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Dispositions of Partnership Interests by Foreign Partners

As pass-through entities, partnerships have elements of both aggregate and entity tax treatment.

By Magda Szabo

While codification exists for the aggregate tax treatment of certain specified transactions and specified “hot” assets, such as unrecognized receivables, depreciable assets to the extent of allocable gain and certain appreciated inventory,1 other areas are defined more broadly, such as partnership income when the U.S. office of a partnership is material to its production as generating income sourced to the United States.2

Revenue Ruling 91-32

Twenty-six years ago, the Internal Revenue Service issued Revenue Ruling 91-32, which held that: (1) when a partnership is engaged in U.S. activity, its partners are likewise deemed to be engaged in U.S. activity per Internal Revenue Code Section 875(1); and (2) income passed through to a foreign partner is sourced to the United States, when and to the extent the partnership is engaged in U.S.-sourced activity. Without focusing on any codified distinctions between pass-through income and gain on disposition of partnership interests in Subchapter K, the ruling essentially concluded that gain on disposition of partnership interests by a foreign partner is sourced to the United States to the extent that the partnership’s underlying assets generated U.S.-sourced income.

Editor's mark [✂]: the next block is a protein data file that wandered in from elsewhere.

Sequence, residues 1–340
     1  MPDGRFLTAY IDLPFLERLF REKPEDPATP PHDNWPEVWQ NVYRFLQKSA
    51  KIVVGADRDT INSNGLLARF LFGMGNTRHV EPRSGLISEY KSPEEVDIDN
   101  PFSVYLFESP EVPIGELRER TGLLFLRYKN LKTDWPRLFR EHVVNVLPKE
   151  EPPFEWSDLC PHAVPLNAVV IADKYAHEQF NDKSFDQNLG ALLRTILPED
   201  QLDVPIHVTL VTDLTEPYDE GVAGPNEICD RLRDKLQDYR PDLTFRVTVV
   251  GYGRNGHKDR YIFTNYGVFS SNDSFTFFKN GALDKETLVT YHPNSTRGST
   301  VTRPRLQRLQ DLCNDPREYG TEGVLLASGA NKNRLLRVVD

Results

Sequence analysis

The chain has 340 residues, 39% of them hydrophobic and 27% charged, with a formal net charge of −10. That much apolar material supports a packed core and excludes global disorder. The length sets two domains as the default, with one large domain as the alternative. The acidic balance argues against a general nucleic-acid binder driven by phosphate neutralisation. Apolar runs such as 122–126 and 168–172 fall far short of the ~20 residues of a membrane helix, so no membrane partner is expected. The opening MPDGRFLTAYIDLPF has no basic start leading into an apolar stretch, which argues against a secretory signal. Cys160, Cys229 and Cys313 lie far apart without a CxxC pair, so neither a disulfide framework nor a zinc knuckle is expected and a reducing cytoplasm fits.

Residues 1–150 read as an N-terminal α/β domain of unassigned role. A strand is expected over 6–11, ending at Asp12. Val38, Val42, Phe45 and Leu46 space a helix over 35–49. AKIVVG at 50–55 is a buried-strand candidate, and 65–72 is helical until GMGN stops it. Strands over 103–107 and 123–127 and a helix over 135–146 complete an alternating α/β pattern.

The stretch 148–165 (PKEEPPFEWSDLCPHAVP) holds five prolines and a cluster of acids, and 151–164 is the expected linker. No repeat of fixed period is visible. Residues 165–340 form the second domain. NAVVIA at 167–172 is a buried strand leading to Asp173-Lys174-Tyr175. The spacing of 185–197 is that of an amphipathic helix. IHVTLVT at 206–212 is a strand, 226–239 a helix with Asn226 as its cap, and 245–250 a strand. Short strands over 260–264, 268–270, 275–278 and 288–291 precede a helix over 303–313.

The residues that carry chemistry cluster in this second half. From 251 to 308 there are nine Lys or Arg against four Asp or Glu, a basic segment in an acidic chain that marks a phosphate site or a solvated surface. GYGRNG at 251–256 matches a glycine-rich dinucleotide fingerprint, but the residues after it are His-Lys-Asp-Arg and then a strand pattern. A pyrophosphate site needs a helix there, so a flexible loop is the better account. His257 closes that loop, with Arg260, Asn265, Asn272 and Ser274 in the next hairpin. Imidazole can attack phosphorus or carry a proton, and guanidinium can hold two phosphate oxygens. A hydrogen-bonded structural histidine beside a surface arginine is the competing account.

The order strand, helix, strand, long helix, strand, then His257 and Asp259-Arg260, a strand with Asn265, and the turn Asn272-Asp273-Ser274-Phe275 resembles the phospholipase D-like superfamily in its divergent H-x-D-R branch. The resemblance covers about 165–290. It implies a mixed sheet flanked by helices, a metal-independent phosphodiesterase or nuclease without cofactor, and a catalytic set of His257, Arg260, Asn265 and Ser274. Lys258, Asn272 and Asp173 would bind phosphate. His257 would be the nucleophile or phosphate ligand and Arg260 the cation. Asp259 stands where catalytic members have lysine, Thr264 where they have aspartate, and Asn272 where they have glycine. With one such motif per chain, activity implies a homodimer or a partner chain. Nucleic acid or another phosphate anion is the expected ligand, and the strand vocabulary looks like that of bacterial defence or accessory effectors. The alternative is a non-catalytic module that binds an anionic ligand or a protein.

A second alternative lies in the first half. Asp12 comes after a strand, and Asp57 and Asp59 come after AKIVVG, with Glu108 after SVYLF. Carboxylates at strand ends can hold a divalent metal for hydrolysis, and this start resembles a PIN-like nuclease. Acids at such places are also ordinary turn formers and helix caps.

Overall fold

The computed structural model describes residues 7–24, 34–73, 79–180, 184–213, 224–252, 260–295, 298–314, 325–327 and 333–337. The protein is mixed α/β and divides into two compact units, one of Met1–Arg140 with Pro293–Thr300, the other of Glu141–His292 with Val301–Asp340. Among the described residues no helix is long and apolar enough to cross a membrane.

In short, the IRS applied an aggregate view of partnership gain, both for sourcing pass-through income and again gain on disposition for purposes of Subchapter N. Given the lack of detailed analysis, the ruling has been criticized by practitioners since its issuance. A number of practitioners have opted through the years not to follow it but, curiously, the matter wasn’t litigated until this year.             

Grecian Magnesite Mining, Industrial & Shipping Co., S.A.

On July 13, 2017, in a lengthy opinion, the Tax Court in Grecian Magnesite Mining, Industrial & Shipping Co., S.A. v. Commissioner 149 TC 3 (2017), refused to follow Rev. Rul. 91-32, stating that the ruling improperly interprets the text of relevant statutes and has inadequate reasoning. The case technically involved the redemption of Grecian Magnesite’s interest in a domestic partnership in the form of two liquidating distributions. The partnership was actively engaged in U.S.-based business activity.

The opinion started with IRC Section 741, which provides that the sale of a partnership interest is deemed to be that of a capital asset: an entity view of a partnership disposition transaction, save for explicit statutory exceptions. The paramount exception is IRC Section 751, which imposes an aggregate view for specified “hot” assets previously noted on disposition of partnership interests. Apparently, this type of property wasn’t at issue in the case, hence it wasn’t explicitly addressed.